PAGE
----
There were a number of places where our shoes were not allowed.  At the Blue Mosque in Istanbul shelves lined the entrance for storing shoes of the faithful and the visitors.  The little temple at the orphanage in India had shoes scattered about in front of the door twice a day as the kids entered for aarti.  At Doi Suthep, a temple filled with buddhas and gold stupas in Chiang Mai, shoes were heaped in front of the entrance, while at the Akshardam temple in Delhi an attendant demanded a few rupees to ensure the safety of our pairs of shoes.  At the Taj Majal shoe covers were provided.  Bill used them.  I just took off my flip flops.  In Indonesia we took off our shoes before entering temples but also before entering home and stores.  After months of taking off our shoes it felt sacrilegious to enter a cathedral in Peru wearing shoes on our feet.

There were, of course, the places which demanded the proper shoe.  Hiking in Peru and Nepal would have been much more difficult for us down the steep trails in flip flops even if the Nepalis could do it with heavy loads on their backs.   For our hike in Nepal we went shoe shopping along the Rajiv Chowk.    There were plenty of stores selling running shoes: Nike, Reebok, Adidas.  Every  400 meters or so the stores began to repeat:  Nike, Reebok, Adidas.  Rich Indians seemed to buy the proper shoe.  Still in Bali the proper shoe for the hike to a waterfall turned out to be our flip flops.  I had to run back to the hotel to grab Bill’s pair as his sneakers were slipping all over the wet trail.   The snake handler at the Red Cross in Bangkok wore rubber boots, not flip flops, when exhibiting the king cobra.  In the big cities of Singapore and Buenos Aires the flip flop was not the proper fashion for a city.  In Buenos Aires my shoes weren’t the right ones for  tango lessons.  I was wearing sneakers.  They would never do, I was told.  I needed a pair heels.  When Bill and I finally took salsa lessons in Guanajuato I discovered it was true.  I couldn’t dance in flipflops.  I danced barefoot.  On my tip toes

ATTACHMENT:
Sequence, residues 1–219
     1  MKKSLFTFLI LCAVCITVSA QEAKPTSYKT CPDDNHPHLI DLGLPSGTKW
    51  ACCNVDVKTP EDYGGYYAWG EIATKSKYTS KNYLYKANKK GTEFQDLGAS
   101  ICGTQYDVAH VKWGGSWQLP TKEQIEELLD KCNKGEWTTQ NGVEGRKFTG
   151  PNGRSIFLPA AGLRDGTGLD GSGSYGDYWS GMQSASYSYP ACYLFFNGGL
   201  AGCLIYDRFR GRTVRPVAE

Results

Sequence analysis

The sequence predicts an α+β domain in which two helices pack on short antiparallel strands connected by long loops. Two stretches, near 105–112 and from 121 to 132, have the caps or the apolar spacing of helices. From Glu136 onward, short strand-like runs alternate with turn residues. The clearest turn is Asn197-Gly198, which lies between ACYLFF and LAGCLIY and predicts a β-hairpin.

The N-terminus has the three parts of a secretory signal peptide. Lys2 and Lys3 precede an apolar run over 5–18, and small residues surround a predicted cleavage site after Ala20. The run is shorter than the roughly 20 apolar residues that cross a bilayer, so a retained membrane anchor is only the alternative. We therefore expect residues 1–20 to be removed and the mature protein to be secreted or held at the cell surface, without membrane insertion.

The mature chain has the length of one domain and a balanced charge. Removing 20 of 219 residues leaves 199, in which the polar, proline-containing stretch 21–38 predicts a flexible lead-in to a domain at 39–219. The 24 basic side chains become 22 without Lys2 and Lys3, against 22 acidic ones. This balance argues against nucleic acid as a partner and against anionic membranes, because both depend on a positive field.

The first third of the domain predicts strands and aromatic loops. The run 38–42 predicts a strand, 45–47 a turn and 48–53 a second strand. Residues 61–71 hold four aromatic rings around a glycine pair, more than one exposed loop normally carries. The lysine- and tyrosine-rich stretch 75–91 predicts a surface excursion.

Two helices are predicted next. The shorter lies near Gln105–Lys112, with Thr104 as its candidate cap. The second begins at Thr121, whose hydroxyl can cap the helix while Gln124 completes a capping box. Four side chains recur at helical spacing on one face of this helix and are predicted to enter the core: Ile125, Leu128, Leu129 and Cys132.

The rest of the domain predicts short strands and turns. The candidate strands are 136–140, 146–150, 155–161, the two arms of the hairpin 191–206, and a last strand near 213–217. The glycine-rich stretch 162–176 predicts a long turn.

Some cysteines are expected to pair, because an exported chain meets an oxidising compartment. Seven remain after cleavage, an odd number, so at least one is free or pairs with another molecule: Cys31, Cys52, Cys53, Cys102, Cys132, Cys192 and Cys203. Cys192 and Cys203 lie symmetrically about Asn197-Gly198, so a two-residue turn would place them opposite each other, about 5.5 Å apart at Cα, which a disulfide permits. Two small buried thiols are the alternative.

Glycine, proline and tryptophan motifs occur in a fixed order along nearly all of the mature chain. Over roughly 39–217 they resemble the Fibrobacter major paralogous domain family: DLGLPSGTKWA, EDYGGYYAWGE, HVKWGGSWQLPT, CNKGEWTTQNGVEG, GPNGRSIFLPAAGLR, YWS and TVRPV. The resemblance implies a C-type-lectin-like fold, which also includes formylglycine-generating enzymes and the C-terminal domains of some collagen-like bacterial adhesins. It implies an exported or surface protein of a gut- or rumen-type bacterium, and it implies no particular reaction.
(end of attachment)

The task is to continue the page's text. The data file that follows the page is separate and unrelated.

All of us are still preferring our flip flops now that we’re back in Oakland.  But Bill and Hank have switched to sneakers for work and school.  I’m wearing my flip flops around town and on long walks, but my feet are in clogs at work.  Cat bought some ballet shoes for fashion but loves walking around in the green flip flops she bought in Saigon.  On the trip Cat took a pair of running shoes.  She wore them hiking in the canyons of Nepal and Peru.  They traveled wrapped up in a plastic bag as she once stepped in dog poop somewhere in India.  Their soles are pretty worn and the insoles have just a little cushion left.  But they look the part for PE, and she’ll use them at school.  It’s hard for me to invest in shoes she’ll barely wear.  I understand the PE teacher’s need for good, safe footwear for her students, the proper shoes.  But I’ll always be thinking about all the hard working people in flip flops around the world.  And I’ll remember the joy of the barefoot field hockey team in India, poorly equipped but out on the field playing nevertheless.